AP

Garbine Muguruza suffers earliest exit for defending Wimbledon champ in 24 years

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LONDON (AP) — Garbine Muguruza insisted she wasn’t thinking about attempting to collect a second consecutive Wimbledon championship. She was adamant that she was not focusing on defending her title.

“It doesn’t really matter,” she would say, “what happened in 2017.”

Well, it seems safe to say she’ll really want to forget what happened at the All England Club in 2018. Muguruza was stunned in the second round 5-7, 6-2, 6-1 by 47th-ranked Alison Van Uytvanck of Belgium on Thursday, the earliest exit for a defending women’s champion since Steffi Graf in 1994.

“It’s a little bit sad,” Muguruza said. “But today didn’t go my way.”

That’s become a familiar refrain for prominent women at this topsy-turvy Wimbledon.

Only two of the top eight seeded women are still in the field after four days of action.

No. 3-seeded Muguruza joined No. 2 Caroline Wozniacki, No. 4 Sloane Stephens, No. 5 Elina Svitolina, No. 6 Caroline Garcia and No. 8 Petra Kvitova on the way out so far, along with five-time major champion Maria Sharapova.

“I mean, anyone, on a good day, can beat anyone,” Van Uytvanck said. “That’s what I think. I still think the top players, their average level is higher than, let’s say, sub-top players. But anyone on a good day can beat anyone, for sure.”

Sure seems that way, particularly this week.

Among the men, too.

Resumes and past performances do not matter. At all.

Marin Cilic, for example, entered his second-round match with all sorts of advantages in experience and success over his opponent, including a runner-up finish at the All England Club a year ago and a U.S. Open title in 2014.

So when Cilic took a two-sets-to-none lead against a guy who began the week with records of 0-2 at Wimbledon and 6-15 at all majors, it appeared the No. 3 seed was on his way to a straightforward victory and a step closer to a potential semifinal rematch against defending champion Roger Federer.

Hold that thought. The outcome that seemed obvious vanished, and Cilic is gone from the field, giving away a big edge in a 3-6, 1-6, 6-4, 7-6 (3), 7-5 loss to 82nd-ranked Guido Pella of Argentina in a match completed Thursday after being suspended midway through the third set because of rain the evening before.

Cilic called it a “big disappointment.”

“Just didn’t feel so good. I was not as accurate as yesterday,” he said. “I was just missing some balls, giving him chance to keep playing.”

WIMBLEDON: Full Scores | Men’s Draw | Women’s Draw

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2020 French Open women’s singles draw, results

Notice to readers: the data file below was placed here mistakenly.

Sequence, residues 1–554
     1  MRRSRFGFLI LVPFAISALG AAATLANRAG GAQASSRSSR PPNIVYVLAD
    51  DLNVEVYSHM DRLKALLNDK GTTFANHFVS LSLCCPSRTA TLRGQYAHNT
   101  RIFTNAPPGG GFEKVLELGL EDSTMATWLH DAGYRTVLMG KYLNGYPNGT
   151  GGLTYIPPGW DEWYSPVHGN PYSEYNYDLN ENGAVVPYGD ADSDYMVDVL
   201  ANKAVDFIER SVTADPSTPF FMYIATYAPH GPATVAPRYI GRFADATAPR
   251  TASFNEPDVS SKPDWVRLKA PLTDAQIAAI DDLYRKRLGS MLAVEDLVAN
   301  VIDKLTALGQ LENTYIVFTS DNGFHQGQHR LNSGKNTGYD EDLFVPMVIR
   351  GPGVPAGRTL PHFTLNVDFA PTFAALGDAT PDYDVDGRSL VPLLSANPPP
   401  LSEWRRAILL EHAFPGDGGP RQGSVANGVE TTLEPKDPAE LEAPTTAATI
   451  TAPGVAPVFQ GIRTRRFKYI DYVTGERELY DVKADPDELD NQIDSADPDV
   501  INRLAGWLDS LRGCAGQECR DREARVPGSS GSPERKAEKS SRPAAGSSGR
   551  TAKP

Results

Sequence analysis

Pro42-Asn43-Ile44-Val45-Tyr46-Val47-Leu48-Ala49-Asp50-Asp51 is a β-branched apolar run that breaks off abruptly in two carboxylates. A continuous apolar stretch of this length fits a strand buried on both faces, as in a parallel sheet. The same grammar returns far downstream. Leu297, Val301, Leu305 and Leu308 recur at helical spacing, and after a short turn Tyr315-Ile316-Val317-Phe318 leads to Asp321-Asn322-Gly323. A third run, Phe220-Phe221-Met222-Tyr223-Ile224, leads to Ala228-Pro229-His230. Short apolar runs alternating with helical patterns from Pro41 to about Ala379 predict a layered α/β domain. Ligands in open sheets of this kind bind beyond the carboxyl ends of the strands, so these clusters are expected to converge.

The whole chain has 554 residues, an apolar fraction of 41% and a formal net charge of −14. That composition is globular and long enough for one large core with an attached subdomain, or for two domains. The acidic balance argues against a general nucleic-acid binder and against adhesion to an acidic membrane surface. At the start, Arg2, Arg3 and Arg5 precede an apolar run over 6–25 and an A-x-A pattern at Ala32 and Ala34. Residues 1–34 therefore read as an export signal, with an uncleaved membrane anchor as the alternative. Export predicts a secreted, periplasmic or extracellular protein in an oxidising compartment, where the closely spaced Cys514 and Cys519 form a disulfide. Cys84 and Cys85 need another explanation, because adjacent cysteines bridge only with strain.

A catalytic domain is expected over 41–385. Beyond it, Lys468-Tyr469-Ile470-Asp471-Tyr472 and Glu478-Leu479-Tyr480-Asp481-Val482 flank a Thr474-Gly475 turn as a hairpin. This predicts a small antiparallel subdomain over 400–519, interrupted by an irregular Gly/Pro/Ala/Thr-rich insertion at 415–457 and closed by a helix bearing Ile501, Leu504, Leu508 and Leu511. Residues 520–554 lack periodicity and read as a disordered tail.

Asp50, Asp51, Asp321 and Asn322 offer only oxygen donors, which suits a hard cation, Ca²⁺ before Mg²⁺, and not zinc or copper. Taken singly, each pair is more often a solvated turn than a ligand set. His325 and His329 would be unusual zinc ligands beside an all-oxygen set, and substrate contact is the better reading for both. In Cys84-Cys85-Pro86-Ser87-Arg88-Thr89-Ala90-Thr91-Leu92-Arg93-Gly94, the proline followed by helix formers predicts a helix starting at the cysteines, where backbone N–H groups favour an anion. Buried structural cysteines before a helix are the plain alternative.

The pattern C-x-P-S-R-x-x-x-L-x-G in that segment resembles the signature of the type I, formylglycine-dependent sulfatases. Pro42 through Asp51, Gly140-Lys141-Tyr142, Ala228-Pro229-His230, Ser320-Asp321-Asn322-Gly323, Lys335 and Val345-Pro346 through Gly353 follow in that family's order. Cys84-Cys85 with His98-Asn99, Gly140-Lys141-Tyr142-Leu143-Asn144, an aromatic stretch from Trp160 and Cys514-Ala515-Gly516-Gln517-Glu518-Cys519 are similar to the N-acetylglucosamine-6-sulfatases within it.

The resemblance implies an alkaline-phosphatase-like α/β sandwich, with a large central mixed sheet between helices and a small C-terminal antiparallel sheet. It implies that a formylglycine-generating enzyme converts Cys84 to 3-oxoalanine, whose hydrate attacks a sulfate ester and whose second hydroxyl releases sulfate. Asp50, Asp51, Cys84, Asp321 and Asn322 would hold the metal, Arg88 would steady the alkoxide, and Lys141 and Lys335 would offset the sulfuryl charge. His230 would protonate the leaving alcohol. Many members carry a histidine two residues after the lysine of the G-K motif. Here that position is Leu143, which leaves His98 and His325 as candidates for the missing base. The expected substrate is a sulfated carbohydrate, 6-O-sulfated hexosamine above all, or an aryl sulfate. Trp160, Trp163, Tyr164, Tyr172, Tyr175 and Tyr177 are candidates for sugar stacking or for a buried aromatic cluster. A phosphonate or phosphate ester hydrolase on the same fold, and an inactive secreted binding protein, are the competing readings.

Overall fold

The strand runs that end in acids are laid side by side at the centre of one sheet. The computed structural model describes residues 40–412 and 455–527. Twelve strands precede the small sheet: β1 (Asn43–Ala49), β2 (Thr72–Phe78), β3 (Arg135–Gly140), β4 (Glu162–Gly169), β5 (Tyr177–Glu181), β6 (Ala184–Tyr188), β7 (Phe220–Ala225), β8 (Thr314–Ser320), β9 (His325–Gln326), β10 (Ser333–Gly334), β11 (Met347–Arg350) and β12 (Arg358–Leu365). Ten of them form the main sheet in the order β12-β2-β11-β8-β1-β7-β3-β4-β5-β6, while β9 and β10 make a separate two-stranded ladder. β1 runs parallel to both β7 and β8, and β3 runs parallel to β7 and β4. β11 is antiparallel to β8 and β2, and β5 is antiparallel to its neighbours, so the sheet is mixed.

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If Serena Williams is to win a record-tying 24th Grand Slam singles title at the French Open, she may have to go through her older sister in the fourth round.

Williams, the sixth seed, could play Venus Williams in the round of 16 at Roland Garros, which begins Sunday.

Serena opens against countrywoman Kristie Ahn, whom she beat in the first round at the U.S. Open. Serena could then get her U.S. Open quarterfinal opponent, fellow mom Tsvetana Pironkova of Bulgaria, in the second round.

If Venus is to reach the fourth round, she must potentially get past U.S. Open runner-up Victoria Azarenka in the second round. Azarenka beat Serena in the U.S. Open semifinals, ending the American’s latest bid to tie Margaret Court‘s major titles record.

Venus lost in the French Open first round the last two years.

The French Open top seed is 2018 champion Simona Halep, who could play 2019 semifinalist Amanda Anisimova in the third round.

Coco Gauff, the rising 16-year-old American, gets 2019 semifinalist Jo Konta of Great Britain in the first round in the same quarter of the draw as Halep.

The field lacks defending champion Ash Barty of Australia, not traveling due to the coronavirus pandemic.

Also out: U.S. Open winner Naomi Osaka, citing a sore hamstring and tight turnaround from prevailing in New York two weeks ago.

FRENCH OPEN DRAWS: Men | Women | TV Schedule

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2020 French Open men’s singles draw, results

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Rafael Nadal was put into the same half of the French Open draw as fellow 2018 and 2019 finalist Dominic Thiem of Austria, with top-ranked Novak Djokovic catching a break.

Nadal, trying to tie Roger Federer‘s male record 20 Grand Slam singles titles, could play sixth-seeded German Alexander Zverev in the quarterfinals before a potential clash with Thiem, who just won the U.S. Open.

Djokovic, who is undefeated in 2020 save being defaulted out of the U.S. Open, could play No. 7 seed Matteo Berrettini of Italy in the quarterfinals before a possible semifinal with Russian Daniil Medvedev.

Medvedev is the fourth seed but is 0-3 at the French Open. Another possible Djokovic semifinal opponent is fifth seed Stefanos Tsitsipas of Greece, who reached the fourth round last year.

The most anticipated first-round matchup is between three-time major champion Andy Murray and 2015 French Open champion Stan Wawrinka. In Murray’s most recent French Open match, he lost in five sets to Wawrinka in the 2017 semifinals.

FRENCH OPEN DRAWS: Men | Women | TV Schedule

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